Zach Dyer is a writer living in Saint Louis. He did his thesis research on coffee farmers in Southern Mexico. Since then, he has visited coffee plantations in Costa Rica and Mexico as well as roasters and cafés across the U.S. He blogs about coffee for Gut Check every Wednesday.
I sit at the mouth of the winding Alice in Wonderland hallway that once bridged the two halves of Kaldi's Coffeehouse
on DeMun Avenue. A black power cord snakes from my old clunker of a laptop, across the cracked and paint-splattered concrete floor, into the lone power outlet on the far wall.
I'm working on a research paper, nursing a bottomless cup of coffee, when a yellow exclamation point pops onto my screen: "Your battery is about to run out."
What? How? I've been plugged into the outlet this whole time. My computer doesn't wait for an answer. It alerts me that it will hibernate until I can be a more responsible computer-owner and provide appropriate sustenance.
So what did happen? Kaldi's cut the power.
At first, when I realized that the Kaldi's on DeMun had eliminated Wi-Fi and cut the power to its outlets, I was livid. Its whole weekday business was students! Stubborn Wi-Fi users could still crib access from Sasha's Wine Bar
down the block, but that signal was weak and undependable. I was convinced that Kaldi's would come crawling back to its tech-savvy customers.
Thankfully, I was wrong.
I once had a Spanish teacher who had moved to the U.S. only recently. "I don't understand the U.S.," she would complain. "People go to cafés to work -- nobody talks!"
She had a point. Americans love to work in cafés. Wireless Internet has only pushed this trend further. But it puts coffeehouses in a tough spot. How do you turn a profit when people pay for a single cup of coffee and then occupy a table for hours?
Is that really the fault of Internet squatters, though? After all, people spent hour after hour in cafés even before laptops and Wi-Fi turned coffeehouses into clusters of satellite offices.
I think cutting computer amenities has more to do with the culture that a café wants to evoke. Some coffeehouses embrace the laptop set with arms wide open. The old location of Blackberry Café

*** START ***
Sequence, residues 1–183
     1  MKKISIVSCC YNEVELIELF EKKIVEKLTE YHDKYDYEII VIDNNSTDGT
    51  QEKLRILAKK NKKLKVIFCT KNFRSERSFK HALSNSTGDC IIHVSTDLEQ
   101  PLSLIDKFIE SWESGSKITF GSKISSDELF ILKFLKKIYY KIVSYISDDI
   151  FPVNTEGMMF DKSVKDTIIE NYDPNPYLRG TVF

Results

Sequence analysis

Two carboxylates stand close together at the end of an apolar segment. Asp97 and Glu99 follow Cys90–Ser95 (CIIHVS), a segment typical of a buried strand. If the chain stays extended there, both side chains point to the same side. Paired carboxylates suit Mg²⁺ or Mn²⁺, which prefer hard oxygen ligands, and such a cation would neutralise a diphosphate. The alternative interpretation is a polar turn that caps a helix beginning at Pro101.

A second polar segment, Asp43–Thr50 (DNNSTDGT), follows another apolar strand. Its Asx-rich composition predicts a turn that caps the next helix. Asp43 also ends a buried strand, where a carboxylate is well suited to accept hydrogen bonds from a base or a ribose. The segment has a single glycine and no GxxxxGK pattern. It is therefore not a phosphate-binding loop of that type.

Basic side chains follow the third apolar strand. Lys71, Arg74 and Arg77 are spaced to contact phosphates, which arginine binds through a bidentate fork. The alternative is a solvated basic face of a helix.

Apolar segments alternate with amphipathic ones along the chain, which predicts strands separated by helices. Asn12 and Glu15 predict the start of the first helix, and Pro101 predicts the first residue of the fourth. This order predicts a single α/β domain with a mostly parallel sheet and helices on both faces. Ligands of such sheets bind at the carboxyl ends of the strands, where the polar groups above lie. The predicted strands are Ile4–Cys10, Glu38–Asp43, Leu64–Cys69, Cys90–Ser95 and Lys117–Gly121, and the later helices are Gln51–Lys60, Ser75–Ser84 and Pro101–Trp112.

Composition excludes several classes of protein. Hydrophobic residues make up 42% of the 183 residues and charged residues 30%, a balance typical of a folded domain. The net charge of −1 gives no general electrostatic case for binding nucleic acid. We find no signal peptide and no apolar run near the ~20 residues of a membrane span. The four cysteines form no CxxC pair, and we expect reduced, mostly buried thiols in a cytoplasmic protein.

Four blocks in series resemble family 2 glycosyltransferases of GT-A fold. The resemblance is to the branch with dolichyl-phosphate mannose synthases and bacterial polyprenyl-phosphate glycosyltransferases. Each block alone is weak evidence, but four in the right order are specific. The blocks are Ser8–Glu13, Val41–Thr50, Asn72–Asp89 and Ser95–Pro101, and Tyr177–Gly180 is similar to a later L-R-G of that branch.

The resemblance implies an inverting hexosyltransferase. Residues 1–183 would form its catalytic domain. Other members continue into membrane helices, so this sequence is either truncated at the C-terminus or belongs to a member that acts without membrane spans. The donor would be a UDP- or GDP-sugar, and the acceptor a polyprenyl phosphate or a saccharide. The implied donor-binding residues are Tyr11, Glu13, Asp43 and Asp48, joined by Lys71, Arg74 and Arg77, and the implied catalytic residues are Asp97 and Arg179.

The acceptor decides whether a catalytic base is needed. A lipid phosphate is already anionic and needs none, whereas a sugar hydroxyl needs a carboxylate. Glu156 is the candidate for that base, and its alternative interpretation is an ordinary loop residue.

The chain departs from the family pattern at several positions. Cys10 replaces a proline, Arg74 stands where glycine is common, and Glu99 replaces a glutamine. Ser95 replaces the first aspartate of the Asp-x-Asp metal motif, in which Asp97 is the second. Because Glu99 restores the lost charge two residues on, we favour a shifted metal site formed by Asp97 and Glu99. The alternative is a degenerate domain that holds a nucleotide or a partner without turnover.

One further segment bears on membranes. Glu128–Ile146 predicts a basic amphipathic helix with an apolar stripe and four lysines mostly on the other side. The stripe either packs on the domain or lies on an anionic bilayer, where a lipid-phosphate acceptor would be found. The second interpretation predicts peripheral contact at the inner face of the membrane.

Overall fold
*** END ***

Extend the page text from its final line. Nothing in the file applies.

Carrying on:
(now home to Katie's Pizzeria Café
) made me feel like I was in an off-campus annex of Saint Louis University's library rather than a coffee shop. With individual tables and lights, free Wi-Fi and plenty of wall outlets, the whole café was designed as a single-person experience. It was great to work in, but I'd never go there to socialize.
The Kaldi's on DeMun is one of the best places in St. Louis to meet someone. But how do you do that with your eyes burned into a LCD screen? When this location cut its computer amenities, it was free from the tangle of power cords on the floor and the computers cluttering tables like invasive weeds. Sure, it was an inconvenience at the time, but now I'm happier to have a place that can focus on coffee and people getting together.
Thanks to the ever-increasing mobility and battery life of laptops, no coffeehouse will be able to eliminate computers from its tables. And I admit: I, too, am part of the problem. I love working in cafés -- I'm writing this article in a café right now -- but there should be places where people can enjoy a drink in a (largely) smoke-free, open atmosphere and not have their conversation drowned out by the clacking of a keyboard.
I love having a café to work in, but one where I don't have to work is even better.
For a different take on coffeehouses and laptops, see this earlier Gut Check post.